Companies in a variety of situations use Scale Funding’s Ohio invoice factoring and accounts receivable financing programs to cash flow their business.
Invoice factoring provides businesses with the financial flexibility they need to continue to grow. Instead of putting limits on the amount of funding available to you, our Ohio invoice factoring and accounts receivable financing programs grow with you. The amount of cash available to you grows with your business.
Scale Funding’s Ohio factoring company programs have provided a cash-flow solution to many industries.
|Oilfield Services||Utility & Pipeline||Telecom & Wireless|
|Heavy Construction||Technology||Trucking & Freight|
|Renewable Energy||Government Contractors||Staffing Agencies|
Is your business growing faster than you’re getting paid? Invoice factoring can fill that gap so you’re able to accept new contracts while you wait to get paid from previous jobs.
As your business grows, you may need more funding. If your credit is maxed, invoice factoring provides you with the cash you need to continue your operations.
In many business-to-business industries, it’s common to wait 30 days or more for customer payment. However, this makes it challenging to stay caught up on bills, meet payroll and invest in new resources. Accounts-receivable financing eliminates this gap by paying you the same day on your invoices. Let Scale Funding worry about when the invoice will be paid, so you focus on your business.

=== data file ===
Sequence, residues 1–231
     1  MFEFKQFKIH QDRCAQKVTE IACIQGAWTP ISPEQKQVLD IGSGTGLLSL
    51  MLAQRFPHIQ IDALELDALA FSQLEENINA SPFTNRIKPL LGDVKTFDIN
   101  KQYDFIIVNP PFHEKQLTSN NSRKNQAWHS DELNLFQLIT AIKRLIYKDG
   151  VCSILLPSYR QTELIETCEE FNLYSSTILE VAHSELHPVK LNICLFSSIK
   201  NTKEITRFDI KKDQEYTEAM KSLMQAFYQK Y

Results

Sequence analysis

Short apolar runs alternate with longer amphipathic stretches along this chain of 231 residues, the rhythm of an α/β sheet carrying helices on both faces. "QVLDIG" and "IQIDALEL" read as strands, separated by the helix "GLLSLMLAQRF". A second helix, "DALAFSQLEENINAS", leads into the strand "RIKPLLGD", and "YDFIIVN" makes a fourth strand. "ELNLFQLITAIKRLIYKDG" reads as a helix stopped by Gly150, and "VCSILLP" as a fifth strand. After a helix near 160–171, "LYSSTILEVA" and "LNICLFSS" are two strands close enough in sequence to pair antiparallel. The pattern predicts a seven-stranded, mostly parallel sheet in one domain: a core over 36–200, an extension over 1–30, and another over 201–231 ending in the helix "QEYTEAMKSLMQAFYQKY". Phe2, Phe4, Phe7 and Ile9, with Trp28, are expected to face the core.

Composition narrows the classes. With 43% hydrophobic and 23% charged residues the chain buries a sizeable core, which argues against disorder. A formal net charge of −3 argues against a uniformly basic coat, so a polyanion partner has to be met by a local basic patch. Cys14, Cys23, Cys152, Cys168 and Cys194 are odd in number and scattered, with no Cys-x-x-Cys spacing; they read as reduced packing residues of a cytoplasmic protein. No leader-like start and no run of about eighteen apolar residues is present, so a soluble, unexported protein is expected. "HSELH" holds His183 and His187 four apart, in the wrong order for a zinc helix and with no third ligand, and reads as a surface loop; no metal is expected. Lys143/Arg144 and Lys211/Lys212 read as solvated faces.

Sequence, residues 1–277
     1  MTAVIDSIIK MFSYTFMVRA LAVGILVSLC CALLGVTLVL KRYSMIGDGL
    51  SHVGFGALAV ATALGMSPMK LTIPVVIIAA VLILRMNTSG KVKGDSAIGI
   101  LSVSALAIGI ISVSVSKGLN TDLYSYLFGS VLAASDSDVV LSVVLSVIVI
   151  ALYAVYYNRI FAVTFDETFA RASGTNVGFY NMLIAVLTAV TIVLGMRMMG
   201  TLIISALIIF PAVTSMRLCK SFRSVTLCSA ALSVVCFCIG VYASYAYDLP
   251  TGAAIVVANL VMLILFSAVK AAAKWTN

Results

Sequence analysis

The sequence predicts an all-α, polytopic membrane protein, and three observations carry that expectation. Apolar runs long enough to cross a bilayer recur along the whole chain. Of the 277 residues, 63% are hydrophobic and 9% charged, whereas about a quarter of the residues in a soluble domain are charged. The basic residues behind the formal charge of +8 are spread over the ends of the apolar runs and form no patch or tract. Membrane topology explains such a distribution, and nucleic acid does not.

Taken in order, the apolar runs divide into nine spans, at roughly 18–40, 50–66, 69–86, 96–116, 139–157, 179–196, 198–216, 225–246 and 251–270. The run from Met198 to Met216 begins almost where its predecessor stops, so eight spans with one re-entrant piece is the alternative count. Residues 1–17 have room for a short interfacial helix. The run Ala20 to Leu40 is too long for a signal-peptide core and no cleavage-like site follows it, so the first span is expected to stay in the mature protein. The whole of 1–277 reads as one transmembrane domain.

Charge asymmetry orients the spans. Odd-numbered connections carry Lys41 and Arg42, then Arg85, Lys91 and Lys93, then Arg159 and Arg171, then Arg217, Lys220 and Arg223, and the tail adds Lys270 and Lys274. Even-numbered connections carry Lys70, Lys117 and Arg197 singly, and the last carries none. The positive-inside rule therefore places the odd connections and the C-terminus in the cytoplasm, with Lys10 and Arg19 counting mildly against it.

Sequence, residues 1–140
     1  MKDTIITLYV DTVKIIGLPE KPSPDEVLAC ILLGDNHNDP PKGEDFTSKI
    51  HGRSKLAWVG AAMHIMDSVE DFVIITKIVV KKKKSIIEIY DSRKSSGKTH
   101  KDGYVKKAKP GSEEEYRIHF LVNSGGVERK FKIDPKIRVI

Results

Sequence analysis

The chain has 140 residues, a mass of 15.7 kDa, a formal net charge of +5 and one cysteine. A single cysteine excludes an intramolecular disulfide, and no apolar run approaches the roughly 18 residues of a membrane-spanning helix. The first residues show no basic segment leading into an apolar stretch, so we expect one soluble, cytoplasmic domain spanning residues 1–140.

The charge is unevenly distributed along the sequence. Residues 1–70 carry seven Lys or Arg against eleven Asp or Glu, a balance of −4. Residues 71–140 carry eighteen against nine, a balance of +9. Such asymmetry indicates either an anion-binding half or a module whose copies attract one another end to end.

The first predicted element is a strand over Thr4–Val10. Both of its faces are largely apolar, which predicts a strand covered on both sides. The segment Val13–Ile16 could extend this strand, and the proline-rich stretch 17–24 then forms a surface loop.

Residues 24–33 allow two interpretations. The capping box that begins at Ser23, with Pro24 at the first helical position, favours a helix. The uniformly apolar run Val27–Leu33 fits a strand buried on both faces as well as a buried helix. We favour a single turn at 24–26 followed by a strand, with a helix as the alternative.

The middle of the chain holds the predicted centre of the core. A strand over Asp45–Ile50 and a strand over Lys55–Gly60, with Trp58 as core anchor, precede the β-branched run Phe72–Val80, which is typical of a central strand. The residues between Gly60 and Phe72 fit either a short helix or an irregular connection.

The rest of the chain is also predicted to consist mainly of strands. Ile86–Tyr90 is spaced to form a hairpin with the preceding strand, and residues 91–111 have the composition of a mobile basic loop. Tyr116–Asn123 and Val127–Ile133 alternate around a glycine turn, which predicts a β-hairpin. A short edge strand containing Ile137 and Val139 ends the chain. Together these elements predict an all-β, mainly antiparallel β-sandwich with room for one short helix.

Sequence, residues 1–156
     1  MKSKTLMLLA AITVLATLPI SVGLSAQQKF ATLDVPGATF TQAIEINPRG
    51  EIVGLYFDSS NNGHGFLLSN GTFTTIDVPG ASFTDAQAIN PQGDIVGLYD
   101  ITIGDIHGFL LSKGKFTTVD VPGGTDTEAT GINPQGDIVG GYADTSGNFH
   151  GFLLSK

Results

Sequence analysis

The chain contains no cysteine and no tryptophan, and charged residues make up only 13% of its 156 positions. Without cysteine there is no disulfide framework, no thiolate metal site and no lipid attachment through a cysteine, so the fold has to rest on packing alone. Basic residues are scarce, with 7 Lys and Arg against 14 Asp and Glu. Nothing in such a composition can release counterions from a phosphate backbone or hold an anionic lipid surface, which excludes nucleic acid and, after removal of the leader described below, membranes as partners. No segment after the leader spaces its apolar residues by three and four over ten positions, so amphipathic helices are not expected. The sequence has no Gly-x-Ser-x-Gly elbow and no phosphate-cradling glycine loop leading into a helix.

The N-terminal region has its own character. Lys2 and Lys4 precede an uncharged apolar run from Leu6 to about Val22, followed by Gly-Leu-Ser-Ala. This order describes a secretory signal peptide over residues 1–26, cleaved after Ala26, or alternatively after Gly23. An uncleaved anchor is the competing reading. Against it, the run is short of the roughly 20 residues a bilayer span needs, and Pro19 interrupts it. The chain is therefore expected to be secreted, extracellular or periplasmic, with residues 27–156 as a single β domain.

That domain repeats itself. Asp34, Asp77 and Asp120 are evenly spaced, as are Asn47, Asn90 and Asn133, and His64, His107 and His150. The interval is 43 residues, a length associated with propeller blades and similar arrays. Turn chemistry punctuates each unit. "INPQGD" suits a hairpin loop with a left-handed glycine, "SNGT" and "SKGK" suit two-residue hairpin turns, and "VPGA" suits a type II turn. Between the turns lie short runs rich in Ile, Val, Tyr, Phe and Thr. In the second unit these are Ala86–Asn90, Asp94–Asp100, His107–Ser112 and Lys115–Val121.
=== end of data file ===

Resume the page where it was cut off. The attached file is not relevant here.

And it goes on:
Start-up companies need funding to get going. Invoice factoring provides cash to start-ups even when they have little-to-no financial history.
Even if banks say “no,” it doesn’t mean you’re financing options are over. Invoice factoring is an excellent alternative to companies when a bank isn’t able to provide traditional funding options.
Accounts receivable financing and invoice factoring takes into consideration the credit-worthiness of your customers rather than yours, making your credit issues obsolete.
Even with tax issues or liens, our Ohio invoice factoring programs help finance your business.
Is your bank starting to pull away from the funding you have relied upon? Get the cash you need to maintain your business with a Scale Funding invoice factoring program.
During a reorganizational period, a business needs sufficient funding to get back on its feet. Invoice factoring provides the funding to help you do this.
Grow Your Ohio Business with Scale Funding’s Invoice Factoring & Accounts Receivable Financing Solutions. We’ve helped companies in Cincinnati, Fremont, Lancaster, and More. Call (800) 707-4845 to Learn More.
Ohio is the seventh largest state based on population with more than 11.5 million residents. The largest city is Columbus, the state capital, with more than 785,000 people. Other large cities include Cleveland, Cincinnati, Toledo, Dayton, and Akron.
From rivers, lakes, and mountains, Ohio has diverse terrain across the state.
Lake Erie’s shoreline contains scattered sand dunes. The Bass Islands are located off the state’s northern coastline of Lake Erie and are mostly made up of limestone.
Grand Lake is the largest inland lake in the state, however, it’s extremely shallow. The average lake depth is only about five to seven feet. Many enjoy boating, fishing, and swimming there.